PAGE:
Pierce, Rivers: Lakers' Buss will be missed

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Pierce, Rivers: Lakers' Buss will be missed

DENVER The Boston Celtics and the Los Angeles Lakers are always going to be fierce rivals.

But those intense emotions are now replaced by the pain that death can bring to those it leaves behind.

Dr. Jerry Buss, majority owner of the Lakers who was vital in reviving them into an NBA power, died on Monday morning.

He was 80 years old.

The Boston Celtics are no different than the rest of the NBA community in mourning the news of his passing.

Paul Pierce, who grew up in nearby Ingelwood, Calif., has fond memories of Buss.

"He's part of the NBA, what this NBA is all about," Pierce said. "Just bringing the Lakers franchise to where it is today. He's pretty much an icon as an owner. Everybody knows who he was. My heart goes out to his family."

Pierce said he had met Buss a few times.

"He'd see me. It didn't matter if I played for the Celtics," Pierce said. "He always had kind words for me, asked me how I was doing. He's just one of those joyful owners."

Buss bought the team in 1979, and soon transformed them into one of the more exciting, successful franchises in the league.

Since the Lakers have been under Buss, the team has won 10 championships.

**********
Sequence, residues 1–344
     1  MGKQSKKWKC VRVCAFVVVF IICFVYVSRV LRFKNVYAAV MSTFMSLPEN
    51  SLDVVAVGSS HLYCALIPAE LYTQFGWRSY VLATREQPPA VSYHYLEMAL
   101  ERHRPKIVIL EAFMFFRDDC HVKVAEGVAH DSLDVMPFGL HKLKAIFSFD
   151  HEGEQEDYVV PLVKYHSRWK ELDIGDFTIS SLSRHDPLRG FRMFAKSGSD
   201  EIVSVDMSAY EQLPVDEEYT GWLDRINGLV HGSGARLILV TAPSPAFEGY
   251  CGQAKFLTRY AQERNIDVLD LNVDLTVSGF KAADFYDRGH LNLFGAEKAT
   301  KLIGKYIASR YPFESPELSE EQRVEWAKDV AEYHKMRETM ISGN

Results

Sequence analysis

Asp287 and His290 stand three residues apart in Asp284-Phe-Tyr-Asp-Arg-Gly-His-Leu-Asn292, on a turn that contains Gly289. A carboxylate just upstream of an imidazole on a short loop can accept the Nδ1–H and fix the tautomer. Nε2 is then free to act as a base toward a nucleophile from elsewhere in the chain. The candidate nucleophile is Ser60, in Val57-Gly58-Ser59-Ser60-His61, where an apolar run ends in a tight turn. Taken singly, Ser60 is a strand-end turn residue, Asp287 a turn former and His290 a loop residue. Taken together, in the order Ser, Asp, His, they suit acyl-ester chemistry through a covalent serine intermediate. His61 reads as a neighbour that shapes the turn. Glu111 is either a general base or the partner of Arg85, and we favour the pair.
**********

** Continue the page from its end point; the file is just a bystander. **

"He had a great impact on the league and most importantly, on the Lakers," said C's coach Doc Rivers. "When he bought the team, they changed quickly. He bought into the 'Showtime' stuff."

But what Lakers Nation clings to more than anything, is the 10 titles won under his watch which is greater than any team since 1979.

"That's ... you don't have to say much more than that," Rivers said. "He'll be missed."

One of the first challenges for the Lakers is trying to figure out the pecking order in terms of decision-making responsibilities.

Jerry's son Jim, is vice president of player development while Jerry's daughter Jeannie, is executive vice president of business operations. And that doesn't factor in Mitch Kupchak who is the team's general manager.

"His leadership was huge, with Jerry West and Mitch Kupchak," Rivers said of Jerry Buss. "Now with him gone, that leaves a void for them."